Sentencing Policy

JS Blog Post February 9, 2019

Voices of Children of the Incarcerated: Legislative Testimony SB 5291:

Darina Glassburn and Patricia Allard

Image: Testimony handwritten by Darina:

Hello my name is Darina Marie Glassburn. I am 10 yars old, I am a child experiencing a father in prison. My dad won't be able to expeience me growing up. There are times when I get really sad and want to call him but I can't. I've only got to see him 2 time in the last 4 years. thats because he's so far away. There are times when Ihave special events (for example: my first kick boxing match) when I won and I was sooo happy and at the same time I felt a little sad. I spent most my life without my dad. But also I spent most of my life with a sstep dad. Special holidays are hard for me (for example: Christmas, fathers day, my birth-day) because he's not there. When my Dad calls me at my aunt's house I get super excited. [And I want to say for the other kids out there your not alone iether its your dad mom or other family members or other people that you care about theres other people going thrue this. Even tho my dad cant come home early I woul dhope that other kids parents could come home faster there would be lots of benifit for each child. Please support this bill. Thank you

  Read more »

JS Blog Post February 4, 2019

Washington state calls to Expand Alternatives to Incarceration Again in 2019

Patricia Allard

 

Photo: T.Q. testifying in front of Senate Committee on video conferenced in from prison.

Success is not possible without opportunity.” 

-T.Q. Incarcerated Mother, Washington Corrections Center for Women Read more »

JS Blog Post January 3, 2019

Darina Interview: Stories told by Children of Incarcerated Parents

Riley Hewko, Esq.

Two years ago, Patricia Allard and I wrote a Huffington Post blog highlighting a video of 8-year-old Darina’s wish for her father’s transfer from a federal prison in Texas to one in Oregon. It seemed like it would take a miracle, but with the help of her community he was transferred last year. Darina still can’t even think of the ultimate miracle— having her dad come home.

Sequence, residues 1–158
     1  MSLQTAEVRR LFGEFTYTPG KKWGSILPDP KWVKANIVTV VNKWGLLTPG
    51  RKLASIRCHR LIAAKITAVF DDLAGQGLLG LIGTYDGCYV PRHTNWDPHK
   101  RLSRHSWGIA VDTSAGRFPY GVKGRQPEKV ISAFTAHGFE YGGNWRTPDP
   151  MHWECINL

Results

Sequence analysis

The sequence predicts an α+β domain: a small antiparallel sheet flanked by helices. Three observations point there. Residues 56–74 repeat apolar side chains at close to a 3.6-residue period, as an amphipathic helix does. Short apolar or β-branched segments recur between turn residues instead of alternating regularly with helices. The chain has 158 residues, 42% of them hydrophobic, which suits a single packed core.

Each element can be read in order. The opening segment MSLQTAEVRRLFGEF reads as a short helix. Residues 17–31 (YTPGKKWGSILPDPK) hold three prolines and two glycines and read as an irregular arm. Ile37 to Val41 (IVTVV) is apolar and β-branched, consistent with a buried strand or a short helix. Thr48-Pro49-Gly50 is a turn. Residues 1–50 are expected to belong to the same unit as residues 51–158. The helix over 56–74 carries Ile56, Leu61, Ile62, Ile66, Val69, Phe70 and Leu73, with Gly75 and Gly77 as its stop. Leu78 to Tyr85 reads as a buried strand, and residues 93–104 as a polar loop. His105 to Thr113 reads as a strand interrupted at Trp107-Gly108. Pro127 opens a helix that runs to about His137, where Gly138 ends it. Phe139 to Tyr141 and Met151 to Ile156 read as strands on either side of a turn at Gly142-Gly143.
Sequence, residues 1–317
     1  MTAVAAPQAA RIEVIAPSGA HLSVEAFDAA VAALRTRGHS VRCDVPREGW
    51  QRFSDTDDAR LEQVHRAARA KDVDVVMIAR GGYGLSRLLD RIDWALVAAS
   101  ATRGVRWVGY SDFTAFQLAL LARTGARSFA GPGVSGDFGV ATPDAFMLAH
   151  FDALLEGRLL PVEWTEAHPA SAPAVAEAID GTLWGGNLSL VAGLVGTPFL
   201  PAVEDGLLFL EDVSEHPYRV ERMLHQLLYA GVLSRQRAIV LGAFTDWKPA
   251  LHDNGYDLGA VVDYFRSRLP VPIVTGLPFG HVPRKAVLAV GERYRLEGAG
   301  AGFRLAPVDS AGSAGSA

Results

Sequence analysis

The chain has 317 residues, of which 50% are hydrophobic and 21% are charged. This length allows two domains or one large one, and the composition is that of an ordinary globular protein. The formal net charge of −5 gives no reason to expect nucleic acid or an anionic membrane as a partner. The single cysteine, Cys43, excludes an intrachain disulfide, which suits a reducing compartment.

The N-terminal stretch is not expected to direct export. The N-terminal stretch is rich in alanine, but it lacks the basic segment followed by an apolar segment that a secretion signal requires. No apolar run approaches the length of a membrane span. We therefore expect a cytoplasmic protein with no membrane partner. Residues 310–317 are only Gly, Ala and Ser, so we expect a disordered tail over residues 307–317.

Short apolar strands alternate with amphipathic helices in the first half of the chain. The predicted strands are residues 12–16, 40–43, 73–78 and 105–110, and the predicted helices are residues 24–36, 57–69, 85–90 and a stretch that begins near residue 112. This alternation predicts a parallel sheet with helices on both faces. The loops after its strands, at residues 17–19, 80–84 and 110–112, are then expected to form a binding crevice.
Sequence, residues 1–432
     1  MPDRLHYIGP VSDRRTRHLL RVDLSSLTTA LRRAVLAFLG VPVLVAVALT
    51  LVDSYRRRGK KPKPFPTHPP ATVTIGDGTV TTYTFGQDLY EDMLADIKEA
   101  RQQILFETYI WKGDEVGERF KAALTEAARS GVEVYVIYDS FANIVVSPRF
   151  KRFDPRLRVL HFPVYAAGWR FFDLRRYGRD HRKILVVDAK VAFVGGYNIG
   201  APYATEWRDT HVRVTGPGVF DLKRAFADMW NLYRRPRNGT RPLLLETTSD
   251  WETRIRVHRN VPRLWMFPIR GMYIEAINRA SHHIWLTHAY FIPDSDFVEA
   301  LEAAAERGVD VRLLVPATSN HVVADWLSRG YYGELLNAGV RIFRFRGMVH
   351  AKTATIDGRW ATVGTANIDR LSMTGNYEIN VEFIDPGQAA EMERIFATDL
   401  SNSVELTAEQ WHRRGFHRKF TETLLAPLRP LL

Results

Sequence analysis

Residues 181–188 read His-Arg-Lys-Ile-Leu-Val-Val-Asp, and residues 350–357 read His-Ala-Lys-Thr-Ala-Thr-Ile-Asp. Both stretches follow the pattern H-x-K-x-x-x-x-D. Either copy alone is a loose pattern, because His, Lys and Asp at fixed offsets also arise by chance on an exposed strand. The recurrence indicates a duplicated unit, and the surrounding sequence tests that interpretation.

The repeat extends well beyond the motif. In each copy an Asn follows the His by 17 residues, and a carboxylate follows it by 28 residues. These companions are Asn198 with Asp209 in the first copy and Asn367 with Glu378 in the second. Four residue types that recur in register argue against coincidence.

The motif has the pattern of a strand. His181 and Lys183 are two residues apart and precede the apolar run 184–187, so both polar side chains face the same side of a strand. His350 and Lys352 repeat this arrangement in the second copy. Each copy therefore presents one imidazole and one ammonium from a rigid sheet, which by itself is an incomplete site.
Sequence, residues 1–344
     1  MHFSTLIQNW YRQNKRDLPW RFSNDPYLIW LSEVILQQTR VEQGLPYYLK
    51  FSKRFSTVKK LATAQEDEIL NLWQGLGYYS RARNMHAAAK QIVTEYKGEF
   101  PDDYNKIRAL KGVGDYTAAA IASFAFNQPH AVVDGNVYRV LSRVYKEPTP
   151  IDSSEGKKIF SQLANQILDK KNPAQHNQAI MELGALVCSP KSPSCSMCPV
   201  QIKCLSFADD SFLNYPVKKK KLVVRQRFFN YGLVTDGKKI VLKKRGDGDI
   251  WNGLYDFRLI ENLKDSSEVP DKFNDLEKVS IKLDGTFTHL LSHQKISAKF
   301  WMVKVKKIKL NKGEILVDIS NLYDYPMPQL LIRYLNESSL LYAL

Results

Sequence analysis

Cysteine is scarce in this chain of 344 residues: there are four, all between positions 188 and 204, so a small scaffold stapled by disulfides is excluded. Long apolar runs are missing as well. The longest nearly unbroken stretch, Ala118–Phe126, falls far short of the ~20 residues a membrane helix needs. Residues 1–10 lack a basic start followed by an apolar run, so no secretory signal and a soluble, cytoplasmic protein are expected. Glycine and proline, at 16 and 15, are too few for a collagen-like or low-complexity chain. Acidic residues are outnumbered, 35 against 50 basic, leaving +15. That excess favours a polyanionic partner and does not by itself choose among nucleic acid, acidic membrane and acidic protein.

This year I had the opportunity to chat with Darina, now 10-years-old about her thoughts on her dad’s incarceration, her most recent visit, and some advice for young people in her situation. You can listen to the interview here.

JS Blog Post December 21, 2018

Video Released #SurvivorsSpeak Out on Criminal Justice Policy Change in Florida

Riley Hewko, Esq.

Today, Crime Survivors for Safety and Justice released a video from their Survivor’s Speak Florida 2018. Hundreds of survivors of violent crime gathered together in Tallahassee, FL at the state capitol to advocate for increased investments in trauma recovery, prevention and rehabilitation over more prisons and jails. Read more »

JS Blog Post November 23, 2018

Save your Black Friday Spending to Instead Support Children of Incarcerated Parents for #Giving Tuesday

Riley Hewko, Esq.

Every year, on the Tuesday after Thanksgiving #GivingTuesday provides individuals an alternative to spending their money on “Black Friday.” This year consider staying away from companies that support the prison industry and instead donate to organizations helping children of incarcerated parents. The U.S has approximately 7 million people in prison, jail, probation or parole, 100,000 in juvenile detention, 478,000 in immigration detention.

JS Blog Post November 12, 2018

Veterans Day Focus: Incarcerated Veteran Parents

Riley Hewko, Esq.

On this Veteran’s Day 2018, as we honor our military veterans, it seemed appropriate to look at resources for incarcerated veterans who may have left children behind as they serve their sentences. Given the criminalization of living with addiction, mental health, and disabilities, former members of the US military often find themselves in trouble with the law. A study by RAND institute found that almost a third of people who survived combat in wars since 9/11 suffer from “invisible wounds,” such as a mental health condition or traumatic brain injury (TBI). This concern has led to the development of veteran’s courts, with the one criticism being that they are misapplied justice, as all people entering the justice system should receive similar support. A second criticism is that they are not provided to veterans who have committed violent or sexual assault crimes.

JS Blog Post October 27, 2018

The Family First Prevention Services Act Offers Support for Children of Incarcerated Parents

Riley Hewko, Esq.

Last spring, groundbreaking legislation, The Family First Prevention Services Act (“FFPSA”), was signed into law as part of the Bipartisan Budget Act allowing states to use federal funding to help keep families together and avoid out of home foster care placement entirely. Specifically, the legislation changes the way that Title IV-E funds can be spent by states by allowing funds to be used for prevention services that help keep kids at home or with their relatives. Prevention services include for example, mental health and substance abuse prevention and treatment services, in-home skill-based parenting programs, foster care maintenance payments for children with parents in residential family-based substance abuse treatment facilities, and payments for kinship navigator programs.

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